Joe Leaphorn

Encyclopedia Article


Joe Leaphorn, a fictional character created by Tony Hillerman, a Navajo detective for the Navajo Tribal Police and is typically stationed in Window Rock, Arizona. Leaphorn’s last name is a reference to the ancient Minoan practice of bull jumping, about which Hillerman was reading as he wrote THE BLESSING WAY. At the time of his first appearance Hillerman’s 1970 Navajo detective novel THE BLESSING WAY, Leaphorn is already a veteran detective. Because Leaphorn was educated in a Bureau of Indian Affairs boarding school during high school and then completed a bachelors and master’s degree in anthropology at Arizona State University, his extended time off reservation leaves Leaphorn negotiating between traditional Navajo as well as white ways. Despite his lack of complete knowledge of Navajo rituals, Leaphorn is cognizant that Navajo beliefs are often important aspects of cases. In the early novels Leaphorn works alone; however, in later novels, he and, the much younger and more traditional Navajo policeman, Jim Chee, are tasked to be partners and solve cases together. Unlike Leaphorn, Chee is studying to be a Navajo singer, or hataali, and is much more sensitive to Navajo lifeways. Their very different temperaments often cause tension between the two, but together they are able to solve cases.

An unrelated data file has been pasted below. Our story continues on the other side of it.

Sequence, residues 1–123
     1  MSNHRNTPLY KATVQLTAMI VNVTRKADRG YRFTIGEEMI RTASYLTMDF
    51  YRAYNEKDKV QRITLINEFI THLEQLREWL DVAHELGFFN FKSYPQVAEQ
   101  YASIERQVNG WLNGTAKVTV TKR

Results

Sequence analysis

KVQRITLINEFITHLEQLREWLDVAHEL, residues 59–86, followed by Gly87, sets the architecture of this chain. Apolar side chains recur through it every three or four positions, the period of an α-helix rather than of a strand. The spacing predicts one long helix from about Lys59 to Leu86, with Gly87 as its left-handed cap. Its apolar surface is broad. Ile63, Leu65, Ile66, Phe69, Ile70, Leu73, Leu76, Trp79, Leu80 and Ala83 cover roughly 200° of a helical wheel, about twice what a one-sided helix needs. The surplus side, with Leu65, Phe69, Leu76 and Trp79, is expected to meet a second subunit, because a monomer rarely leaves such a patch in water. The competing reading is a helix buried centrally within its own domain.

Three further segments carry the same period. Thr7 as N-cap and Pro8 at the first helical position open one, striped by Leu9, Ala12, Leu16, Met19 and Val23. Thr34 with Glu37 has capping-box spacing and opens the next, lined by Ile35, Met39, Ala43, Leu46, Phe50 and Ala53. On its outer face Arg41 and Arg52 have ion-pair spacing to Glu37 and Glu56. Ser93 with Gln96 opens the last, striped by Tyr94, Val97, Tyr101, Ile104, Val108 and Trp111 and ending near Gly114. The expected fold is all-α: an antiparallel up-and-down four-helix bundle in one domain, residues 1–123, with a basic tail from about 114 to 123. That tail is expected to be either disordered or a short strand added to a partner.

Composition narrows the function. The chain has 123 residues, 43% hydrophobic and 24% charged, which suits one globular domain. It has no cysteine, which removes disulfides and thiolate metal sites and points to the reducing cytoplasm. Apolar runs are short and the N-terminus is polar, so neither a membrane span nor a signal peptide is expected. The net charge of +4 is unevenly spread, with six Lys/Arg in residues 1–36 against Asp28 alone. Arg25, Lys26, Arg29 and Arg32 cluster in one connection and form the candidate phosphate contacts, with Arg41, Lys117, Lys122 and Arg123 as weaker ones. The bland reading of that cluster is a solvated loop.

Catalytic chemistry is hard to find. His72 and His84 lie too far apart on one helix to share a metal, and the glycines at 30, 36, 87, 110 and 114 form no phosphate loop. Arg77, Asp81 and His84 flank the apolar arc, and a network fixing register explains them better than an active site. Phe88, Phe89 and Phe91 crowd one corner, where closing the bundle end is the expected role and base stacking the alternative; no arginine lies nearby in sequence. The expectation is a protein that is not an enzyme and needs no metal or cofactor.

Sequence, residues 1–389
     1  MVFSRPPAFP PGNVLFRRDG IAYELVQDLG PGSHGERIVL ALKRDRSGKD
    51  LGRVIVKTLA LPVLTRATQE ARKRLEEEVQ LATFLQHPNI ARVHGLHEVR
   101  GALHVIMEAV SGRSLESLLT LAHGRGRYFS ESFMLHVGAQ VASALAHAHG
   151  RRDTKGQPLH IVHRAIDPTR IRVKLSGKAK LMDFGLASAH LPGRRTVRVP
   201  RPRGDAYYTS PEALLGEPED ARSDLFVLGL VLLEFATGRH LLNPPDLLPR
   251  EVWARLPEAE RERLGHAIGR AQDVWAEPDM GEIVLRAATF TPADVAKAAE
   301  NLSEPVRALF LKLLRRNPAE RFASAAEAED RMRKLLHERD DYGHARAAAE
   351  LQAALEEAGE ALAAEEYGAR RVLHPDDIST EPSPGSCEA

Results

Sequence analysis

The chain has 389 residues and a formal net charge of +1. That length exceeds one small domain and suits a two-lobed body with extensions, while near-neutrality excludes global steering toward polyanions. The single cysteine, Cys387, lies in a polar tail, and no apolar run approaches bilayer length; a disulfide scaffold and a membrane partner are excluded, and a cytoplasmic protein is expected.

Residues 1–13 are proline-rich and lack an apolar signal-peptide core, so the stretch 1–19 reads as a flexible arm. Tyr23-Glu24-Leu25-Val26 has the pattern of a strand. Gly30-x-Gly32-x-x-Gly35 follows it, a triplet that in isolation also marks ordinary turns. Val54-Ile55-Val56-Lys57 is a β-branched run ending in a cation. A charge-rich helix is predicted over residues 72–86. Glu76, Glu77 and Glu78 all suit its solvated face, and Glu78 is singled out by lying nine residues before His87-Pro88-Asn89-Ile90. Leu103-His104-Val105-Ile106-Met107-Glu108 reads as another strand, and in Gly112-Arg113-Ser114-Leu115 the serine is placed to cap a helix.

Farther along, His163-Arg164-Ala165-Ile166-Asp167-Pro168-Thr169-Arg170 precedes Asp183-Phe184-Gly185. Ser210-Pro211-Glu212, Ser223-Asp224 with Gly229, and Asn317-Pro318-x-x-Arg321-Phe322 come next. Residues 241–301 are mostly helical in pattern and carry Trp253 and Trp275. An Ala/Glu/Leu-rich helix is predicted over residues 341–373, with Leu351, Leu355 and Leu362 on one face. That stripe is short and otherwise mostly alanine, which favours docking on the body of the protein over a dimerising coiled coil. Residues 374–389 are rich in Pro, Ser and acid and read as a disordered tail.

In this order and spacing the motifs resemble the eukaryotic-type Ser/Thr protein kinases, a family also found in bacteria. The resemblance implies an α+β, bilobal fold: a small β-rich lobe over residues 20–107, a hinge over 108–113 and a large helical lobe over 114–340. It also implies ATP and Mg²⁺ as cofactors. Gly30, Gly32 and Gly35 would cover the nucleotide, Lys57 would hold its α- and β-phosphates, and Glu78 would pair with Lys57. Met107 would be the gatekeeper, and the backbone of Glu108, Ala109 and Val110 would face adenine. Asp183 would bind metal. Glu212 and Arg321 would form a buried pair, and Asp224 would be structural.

Leaphorn was first introduced as a supporting character in THE BLESSING WAY. He then becomes the main character for Hillerman’s Navajo mystery series with Hillerman's next two books in the series, DANCE HALL OF THE DEAD, published in 1973, and LISTENING WOMAN, published in 1978. In the mid-1970s, Hillerman sold the rights to Joe Leaphorn to a Los Angeles-based agency called Bob Banner Associates to produce a movie version of DANCE HALL OF THE DEAD and, possibly, a serial television program based on the life of Joe Leaphorn. Hillerman was unable to use Leaphorn as a character in subsequent novels, even though neither the film nor television options proposed by Banner Associates were ever realized, until Hillerman was able to buy back the rights to his character. Leaphorn returns to Hillerman’s writing in 1986 in the novel SKINWALKERS.

Photo Credit: 

Detail from the bull leaping fresco from the Palace of Knossos on the island of Minos, photograph taken at the temporary exhibit at the Heraklion Archeological Museum, September 18, 2008, by Howard Stanbury is licensed under CC BY-NC-SA.

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